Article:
The opinion of the court was delivered by: Reggie B. Walton United States District Judge
The plaintiff, Prison Legal News ("PLN"), brings this action challenging the Federal Bureau of Prison's ("BOP") refusal to grant a waiver of all search and duplication fees associated with a document request made under the Freedom of Information Act ("FOIA"), 5 U.S.C. § 552 (2000). Complaint for Declaratory and Injunctive Relief ("Compl.") ¶¶ B, C. Currently before the Court are the parties' cross-motions for summary judgment directed to the propriety of the BOP's waiver denial.*fn1 For the reasons set forth below, this Court will grant the plaintiff's motion for summary judgment and deny the defendant's motion for summary judgment.
PLN is a legal journal devoted to reporting news and litigation concerning detention facilities. Compl. ¶ 5. On August 6, 2003, PLN submitted a FOIA request to the BOP seeking "a copy of all documents showing all money paid by the [BOP] for lawsuits and claims against it" between January 1, 1996 and July 31, 2003. Pl.'s Opp'n, Ex. 1. Specifically, PLN sought "a copy of the verdict, settlement or claim in each case showing the dollar amount paid, the identity of the plaintiff/claimant and the legal identifying information for each lawsuit or claim or attorney fee award" and "a copy of the complaint . . . or the claim . . . in each incident which describes the facts underlying each lawsuit and claim." Id. Additionally, PLN requested a waiver of all fees associated with processing the request and providing it with copies of the responsive documents. Id.
Under the FOIA, fees will be waived if "disclosure of the information is in the public interest because it is likely to contribute significantly to public understanding of the operations or activities of the government and is not primarily in the commercial interest of the requester." 5 U.S.C. § 552(a)(4)(A)(iii). To support its request for a fee waiver, PLN provided the following information in its letter to the BOP:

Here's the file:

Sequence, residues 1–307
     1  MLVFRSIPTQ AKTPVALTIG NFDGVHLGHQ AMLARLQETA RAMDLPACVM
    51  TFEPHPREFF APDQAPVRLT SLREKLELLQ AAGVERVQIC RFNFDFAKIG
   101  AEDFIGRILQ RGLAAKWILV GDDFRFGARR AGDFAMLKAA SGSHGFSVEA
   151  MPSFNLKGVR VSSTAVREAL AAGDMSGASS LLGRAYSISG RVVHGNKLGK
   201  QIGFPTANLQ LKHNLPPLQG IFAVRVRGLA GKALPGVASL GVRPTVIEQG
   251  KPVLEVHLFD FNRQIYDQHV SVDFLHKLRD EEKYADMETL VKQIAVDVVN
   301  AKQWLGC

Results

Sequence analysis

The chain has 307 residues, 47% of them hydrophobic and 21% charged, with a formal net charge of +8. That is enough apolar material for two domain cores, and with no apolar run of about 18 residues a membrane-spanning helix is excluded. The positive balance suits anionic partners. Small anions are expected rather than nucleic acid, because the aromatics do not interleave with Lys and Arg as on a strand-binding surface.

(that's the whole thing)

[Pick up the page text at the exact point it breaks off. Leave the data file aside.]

PLN is a § 501[c](3) non-profit organization. We are a serious legal and political journal that reports on news and litigation involving detention facilities. We have published monthly since 1990 and currently have around 3,400 subscribers in all 50 states. We [e]stimate our actual readership to [be] in the range of 18,000 people. We believe that the requested documents will shed light on the operations of the BOP and help provide the public with a better understanding of how the nation's prison system is run and managed since damage verdicts and settlements are an important means of measuring respect for constitutional rights within penal facilities. Moreover, the payout of government money is a strong indicator to tax payers of how government facilities are operated. The information requested is plainly related to the operations and activities of the BOP.